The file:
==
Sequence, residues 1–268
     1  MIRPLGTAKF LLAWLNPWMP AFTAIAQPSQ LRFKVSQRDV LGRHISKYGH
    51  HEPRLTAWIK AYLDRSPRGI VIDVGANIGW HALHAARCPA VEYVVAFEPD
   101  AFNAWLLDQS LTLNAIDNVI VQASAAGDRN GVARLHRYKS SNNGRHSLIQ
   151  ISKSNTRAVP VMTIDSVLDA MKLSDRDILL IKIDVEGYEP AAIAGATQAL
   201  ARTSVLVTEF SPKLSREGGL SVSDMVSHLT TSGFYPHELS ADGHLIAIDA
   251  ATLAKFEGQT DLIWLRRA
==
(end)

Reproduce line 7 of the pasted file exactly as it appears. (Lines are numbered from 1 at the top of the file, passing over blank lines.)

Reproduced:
   251  ATLAKFEGQT DLIWLRRA